Thursday, July 31, 2008

Templeton Turtle Goes Exploring

Ron Pridmore's first book, Templeton Turtle Goes Exploring, is sure to be a hit.  The story is based on a dream and tells about a baby turtle as he journeys around his pond for the first time, meeting animals of every size and personalities.  Templeton experiences disappointment, friendship, fear and ultimately community.  My children, 7 and 4, both give the book a thumbs up.

The book is beautifully illustrated by Michele-lee Phelan and my daughter enjoyed quietly looking at the pictures afterwards, searching for fish and other details.

Ron Pridmore is a strong advocate of letting children experience wildlife and the outdoors, especially in this age of television and video games.  According to the Children and Nature Network, 8-year-old children can identify 25 percent more Pokemon characters than wildlife species.  "I hope that Templeton's story will inspire other children to spend more time outside," Pridmore says.  "With the green movement continually growing in prominence and the state of our environment in the balance, it's more important than ever for our kids to have an appreciation for nature."

Ron Pridmore answered some of my questions about his new book:

  1. Did the story of the book really come from a dream?  Yes, the story came from a dream I had. When I woke up the story was so real, it felt like I was there. In my dream Templeton didn't have a name, he was just a turtle that I dreamed about. I wrote the story just as I dreamed it.
  2. How would you suggest that children explore the outside world safely in this age of Lyme disease and West Nile cirus?  I would suggest, in the case of Lyme disease, to try and go to parks with nice walking trails that have been cleared of over-grown brush and trees. When you get home check one another to make sure you don't have any ticks on your body and take a warm shower. These steps should protect you from Lyme disease. Here in Napa we have several parks with nice walking trails, and I have never had a problem with ticks. For the West Nile virus I would suggest that before you go hiking spray yourself with Off Deep Woods mosquito repellent. It has long-lasting protection and also helps protect from ticks. Mosquitoes are stubborn, so take the can of spray with you in your back pack just in case you need to spray yourself again. If you follow these suggestions you will be fine and can enjoy the outdoors safely.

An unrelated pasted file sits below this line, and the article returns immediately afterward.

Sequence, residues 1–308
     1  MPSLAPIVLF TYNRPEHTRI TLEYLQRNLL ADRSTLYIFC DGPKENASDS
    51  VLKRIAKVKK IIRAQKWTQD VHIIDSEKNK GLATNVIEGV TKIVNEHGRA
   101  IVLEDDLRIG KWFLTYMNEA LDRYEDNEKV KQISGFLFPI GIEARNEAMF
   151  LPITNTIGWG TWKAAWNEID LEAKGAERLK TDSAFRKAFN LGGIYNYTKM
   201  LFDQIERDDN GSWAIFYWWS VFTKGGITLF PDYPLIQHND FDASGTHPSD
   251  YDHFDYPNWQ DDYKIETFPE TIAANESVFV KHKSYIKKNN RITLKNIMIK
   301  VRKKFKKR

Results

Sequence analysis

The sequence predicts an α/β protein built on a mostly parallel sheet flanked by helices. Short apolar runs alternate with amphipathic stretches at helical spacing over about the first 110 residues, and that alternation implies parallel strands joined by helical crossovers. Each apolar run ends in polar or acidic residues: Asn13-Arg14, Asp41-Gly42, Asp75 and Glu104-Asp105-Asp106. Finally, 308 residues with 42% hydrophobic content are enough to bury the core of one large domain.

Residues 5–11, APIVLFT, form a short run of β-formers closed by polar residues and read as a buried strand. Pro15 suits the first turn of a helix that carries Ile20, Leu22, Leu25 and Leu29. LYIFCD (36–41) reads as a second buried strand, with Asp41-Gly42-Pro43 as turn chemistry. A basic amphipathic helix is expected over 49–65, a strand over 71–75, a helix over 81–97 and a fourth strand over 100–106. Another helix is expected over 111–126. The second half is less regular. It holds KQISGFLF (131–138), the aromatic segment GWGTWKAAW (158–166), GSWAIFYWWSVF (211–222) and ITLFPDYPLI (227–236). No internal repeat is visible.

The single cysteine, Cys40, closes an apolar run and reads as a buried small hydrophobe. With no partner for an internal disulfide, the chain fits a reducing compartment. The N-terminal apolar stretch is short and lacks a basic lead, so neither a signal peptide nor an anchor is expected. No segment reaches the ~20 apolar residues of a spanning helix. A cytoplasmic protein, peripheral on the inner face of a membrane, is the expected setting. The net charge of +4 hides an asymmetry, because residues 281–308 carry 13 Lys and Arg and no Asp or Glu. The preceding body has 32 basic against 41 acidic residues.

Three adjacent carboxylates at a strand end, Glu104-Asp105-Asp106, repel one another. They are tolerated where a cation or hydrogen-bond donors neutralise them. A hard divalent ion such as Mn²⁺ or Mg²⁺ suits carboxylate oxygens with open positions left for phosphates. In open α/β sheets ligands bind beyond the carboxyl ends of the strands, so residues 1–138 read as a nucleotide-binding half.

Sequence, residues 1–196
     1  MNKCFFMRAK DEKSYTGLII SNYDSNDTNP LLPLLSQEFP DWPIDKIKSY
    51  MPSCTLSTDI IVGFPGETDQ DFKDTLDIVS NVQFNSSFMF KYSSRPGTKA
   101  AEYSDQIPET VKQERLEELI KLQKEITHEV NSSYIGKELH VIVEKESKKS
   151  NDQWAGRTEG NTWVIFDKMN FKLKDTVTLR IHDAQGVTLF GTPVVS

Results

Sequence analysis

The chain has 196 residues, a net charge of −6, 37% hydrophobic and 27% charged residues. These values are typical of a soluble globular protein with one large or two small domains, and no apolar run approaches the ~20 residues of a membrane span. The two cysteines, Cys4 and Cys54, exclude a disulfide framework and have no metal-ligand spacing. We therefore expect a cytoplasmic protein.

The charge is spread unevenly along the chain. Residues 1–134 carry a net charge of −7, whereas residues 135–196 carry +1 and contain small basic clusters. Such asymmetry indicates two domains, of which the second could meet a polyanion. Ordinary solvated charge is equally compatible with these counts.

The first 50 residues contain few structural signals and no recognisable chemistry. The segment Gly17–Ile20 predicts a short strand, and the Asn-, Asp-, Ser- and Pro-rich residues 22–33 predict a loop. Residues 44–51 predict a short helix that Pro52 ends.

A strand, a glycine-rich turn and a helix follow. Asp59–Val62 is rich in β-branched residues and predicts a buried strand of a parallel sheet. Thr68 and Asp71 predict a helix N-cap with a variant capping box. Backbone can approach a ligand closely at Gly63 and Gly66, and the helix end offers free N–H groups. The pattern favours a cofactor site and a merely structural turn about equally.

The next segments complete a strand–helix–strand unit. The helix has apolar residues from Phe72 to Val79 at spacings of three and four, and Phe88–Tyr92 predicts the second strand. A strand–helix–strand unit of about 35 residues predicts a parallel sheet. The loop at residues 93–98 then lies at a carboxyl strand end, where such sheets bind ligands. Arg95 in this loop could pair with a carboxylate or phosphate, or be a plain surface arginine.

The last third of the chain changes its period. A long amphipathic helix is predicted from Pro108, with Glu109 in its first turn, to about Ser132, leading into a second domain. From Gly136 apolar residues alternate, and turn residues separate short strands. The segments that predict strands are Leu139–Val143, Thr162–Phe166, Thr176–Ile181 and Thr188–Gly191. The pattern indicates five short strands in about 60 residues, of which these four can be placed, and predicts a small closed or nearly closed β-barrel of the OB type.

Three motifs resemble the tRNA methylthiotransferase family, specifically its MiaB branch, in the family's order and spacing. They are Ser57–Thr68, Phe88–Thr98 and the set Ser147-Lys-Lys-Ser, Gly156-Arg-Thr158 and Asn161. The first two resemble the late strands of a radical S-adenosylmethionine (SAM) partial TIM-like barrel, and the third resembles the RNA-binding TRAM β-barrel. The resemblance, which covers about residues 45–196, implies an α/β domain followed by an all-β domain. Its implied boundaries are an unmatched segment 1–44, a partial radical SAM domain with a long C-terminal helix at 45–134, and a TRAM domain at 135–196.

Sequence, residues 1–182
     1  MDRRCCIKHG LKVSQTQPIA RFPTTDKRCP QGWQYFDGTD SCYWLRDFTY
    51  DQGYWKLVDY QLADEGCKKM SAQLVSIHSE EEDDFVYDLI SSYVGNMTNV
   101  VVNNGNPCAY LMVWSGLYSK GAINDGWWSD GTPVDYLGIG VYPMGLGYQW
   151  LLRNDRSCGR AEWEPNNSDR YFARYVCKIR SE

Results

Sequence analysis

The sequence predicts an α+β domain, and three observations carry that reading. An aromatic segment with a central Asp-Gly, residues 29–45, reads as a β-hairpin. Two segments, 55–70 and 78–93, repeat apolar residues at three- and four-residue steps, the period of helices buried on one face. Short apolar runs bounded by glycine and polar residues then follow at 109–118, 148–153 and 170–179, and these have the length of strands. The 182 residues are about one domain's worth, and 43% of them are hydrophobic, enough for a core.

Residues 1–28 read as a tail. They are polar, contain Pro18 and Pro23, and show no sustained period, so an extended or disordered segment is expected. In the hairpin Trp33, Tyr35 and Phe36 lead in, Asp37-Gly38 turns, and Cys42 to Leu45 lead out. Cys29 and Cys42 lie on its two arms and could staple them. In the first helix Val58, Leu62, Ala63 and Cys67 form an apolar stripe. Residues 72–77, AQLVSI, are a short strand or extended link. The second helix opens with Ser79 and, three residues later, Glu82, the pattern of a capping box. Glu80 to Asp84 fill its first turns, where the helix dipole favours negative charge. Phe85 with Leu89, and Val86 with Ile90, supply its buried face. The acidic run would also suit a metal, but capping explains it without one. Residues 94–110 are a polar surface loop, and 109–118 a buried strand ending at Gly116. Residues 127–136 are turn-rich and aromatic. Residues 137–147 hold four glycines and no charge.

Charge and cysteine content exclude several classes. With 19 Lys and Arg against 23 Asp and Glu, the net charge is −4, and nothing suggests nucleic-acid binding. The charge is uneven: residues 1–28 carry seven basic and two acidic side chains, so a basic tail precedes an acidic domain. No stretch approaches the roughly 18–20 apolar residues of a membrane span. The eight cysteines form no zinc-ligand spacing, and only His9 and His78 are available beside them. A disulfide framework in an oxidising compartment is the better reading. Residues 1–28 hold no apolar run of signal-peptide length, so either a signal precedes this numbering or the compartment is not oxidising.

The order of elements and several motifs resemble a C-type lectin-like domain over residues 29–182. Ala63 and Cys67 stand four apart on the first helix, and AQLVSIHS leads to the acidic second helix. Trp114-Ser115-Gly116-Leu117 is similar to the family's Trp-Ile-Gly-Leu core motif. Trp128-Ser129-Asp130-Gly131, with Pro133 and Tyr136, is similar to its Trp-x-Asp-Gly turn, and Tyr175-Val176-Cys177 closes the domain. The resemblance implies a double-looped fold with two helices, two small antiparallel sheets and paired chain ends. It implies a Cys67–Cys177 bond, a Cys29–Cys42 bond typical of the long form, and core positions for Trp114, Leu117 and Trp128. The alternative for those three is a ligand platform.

If you visit Eco-Libris by August 2nd, you can also enter to win their review copy of Templeton Turtle Goes Exploring.

Sunday, July 27, 2008

Thursday, July 24, 2008

Tees For Change Giveaway

Tees For Change carries a line of eco-friendly organic cotton and bamboo tees adorned with positive messages. They are available in women's and men's styles as well as a 100% organic cotton baby line.

To win this live fully tee in organic cotton jersey, visit Tees For Change and leave a comment with your favorite "mission", or t-shirt saying by August 8th, 2008 at 11pm.  The winner will be chosen randomly and must have a valid e-mail address.  Shipping to US and Canada.

You can also receive 15% off your order by using the code "mommybytes" until August 31, 2008.

Wednesday, July 9, 2008

Weekly Contest from Brighter Minds Media

Stop by the Brighter Minds Media Contest site every week to enter to win cool educational prizes from Brighter Minds Media.  I have been a fan of their site since their Halloween contest where they awarded every entry with a prize package.  We got a ton of books, and a game CD just for entering.  So stop by or subscribe to their contest page.

Tuesday, July 1, 2008

The LeapFrog Tag - Cool Reading System for Kids

The LeapFrog Tag is the latest offering from the award winning LeapFrog company. It consists of a pen which "reads" the LeapFrog Tag books.  Most parents are familiar with the original LeapPad Learning Center which uses a tethered stylus with special books and cartridges.  This system spawned copycats such as the Fisher Price PowerTouch Learning System, which allows kids to use their fingers to do the reading.  Both have disadvantages in that you need to keep track of a cartridge for each book and the systems themselves are rather bulky.  The LeapFrog Tag changes all that.  The Tag is easily held by any child and my four-year-old daughter took to it immediately.  There are no more cartridges and the Tag "reads" its books like magic. There are various reading modes as well as multi-leveled games.  It even knows when you change books.  You will need a computer with an internet connection to download new books to the Tag.  My first download went effortlessly.

Being an engineer, I had to figure out how this magic occurs (jump to the last paragraph if you don't want to spoil the fun).  I scoured the book for RFID chips, holding up the pages to the light.  I peered into the sensor on the Tag and determined that it was probably an optical sensor.  Then I finally noticed that the pages of the Tag books had tiny microprint consisting of uneven dots over the page.  The density of the dots differed between the two Tag books so it knew when the book changed.  My kids are so used to magical technology, that this amazing device didn't even phase them.  You can see my daughter using it here.

The LeapFrog Tag comes with the Ozzie and Mack book shown above and is available in two colors at Toys R Us and all major retail outlets for $49.99.  You can also purchase it online at LeapFrog with free shipping through July 31st.